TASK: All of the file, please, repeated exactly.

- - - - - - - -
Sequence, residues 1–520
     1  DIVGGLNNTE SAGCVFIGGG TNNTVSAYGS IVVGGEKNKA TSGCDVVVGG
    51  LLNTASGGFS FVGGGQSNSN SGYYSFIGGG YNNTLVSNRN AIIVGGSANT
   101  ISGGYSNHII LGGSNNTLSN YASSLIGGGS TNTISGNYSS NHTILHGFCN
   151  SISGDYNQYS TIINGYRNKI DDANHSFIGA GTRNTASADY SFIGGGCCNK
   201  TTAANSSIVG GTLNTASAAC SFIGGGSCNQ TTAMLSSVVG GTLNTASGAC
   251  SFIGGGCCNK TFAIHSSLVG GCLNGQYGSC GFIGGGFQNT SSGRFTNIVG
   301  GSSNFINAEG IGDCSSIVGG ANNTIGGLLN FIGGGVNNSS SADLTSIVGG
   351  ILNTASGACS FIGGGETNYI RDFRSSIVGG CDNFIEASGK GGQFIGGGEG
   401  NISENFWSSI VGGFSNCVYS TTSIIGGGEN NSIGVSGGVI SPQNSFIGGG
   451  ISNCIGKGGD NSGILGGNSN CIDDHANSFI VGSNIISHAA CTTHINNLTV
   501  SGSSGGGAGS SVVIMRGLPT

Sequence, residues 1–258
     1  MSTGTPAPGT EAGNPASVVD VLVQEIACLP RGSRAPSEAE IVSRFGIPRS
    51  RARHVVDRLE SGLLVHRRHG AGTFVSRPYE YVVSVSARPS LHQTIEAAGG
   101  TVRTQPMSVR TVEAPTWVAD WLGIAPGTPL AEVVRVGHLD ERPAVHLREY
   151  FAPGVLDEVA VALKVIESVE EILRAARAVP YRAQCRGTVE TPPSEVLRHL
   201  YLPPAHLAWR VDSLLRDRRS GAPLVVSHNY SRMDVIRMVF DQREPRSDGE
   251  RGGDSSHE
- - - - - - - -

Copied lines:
Sequence, residues 1–520
     1  DIVGGLNNTE SAGCVFIGGG TNNTVSAYGS IVVGGEKNKA TSGCDVVVGG
    51  LLNTASGGFS FVGGGQSNSN SGYYSFIGGG YNNTLVSNRN AIIVGGSANT
   101  ISGGYSNHII LGGSNNTLSN YASSLIGGGS TNTISGNYSS NHTILHGFCN
   151  SISGDYNQYS TIINGYRNKI DDANHSFIGA GTRNTASADY SFIGGGCCNK
   201  TTAANSSIVG GTLNTASAAC SFIGGGSCNQ TTAMLSSVVG GTLNTASGAC
   251  SFIGGGCCNK TFAIHSSLVG GCLNGQYGSC GFIGGGFQNT SSGRFTNIVG
   301  GSSNFINAEG IGDCSSIVGG ANNTIGGLLN FIGGGVNNSS SADLTSIVGG
   351  ILNTASGACS FIGGGETNYI RDFRSSIVGG CDNFIEASGK GGQFIGGGEG
   401  NISENFWSSI VGGFSNCVYS TTSIIGGGEN NSIGVSGGVI SPQNSFIGGG
   451  ISNCIGKGGD NSGILGGNSN CIDDHANSFI VGSNIISHAA CTTHINNLTV
   501  SGSSGGGAGS SVVIMRGLPT

Sequence, residues 1–258
     1  MSTGTPAPGT EAGNPASVVD VLVQEIACLP RGSRAPSEAE IVSRFGIPRS
    51  RARHVVDRLE SGLLVHRRHG AGTFVSRPYE YVVSVSARPS LHQTIEAAGG
   101  TVRTQPMSVR TVEAPTWVAD WLGIAPGTPL AEVVRVGHLD ERPAVHLREY
   151  FAPGVLDEVA VALKVIESVE EILRAARAVP YRAQCRGTVE TPPSEVLRHL
   201  YLPPAHLAWR VDSLLRDRRS GAPLVVSHNY SRMDVIRMVF DQREPRSDGE
   251  RGGDSSHE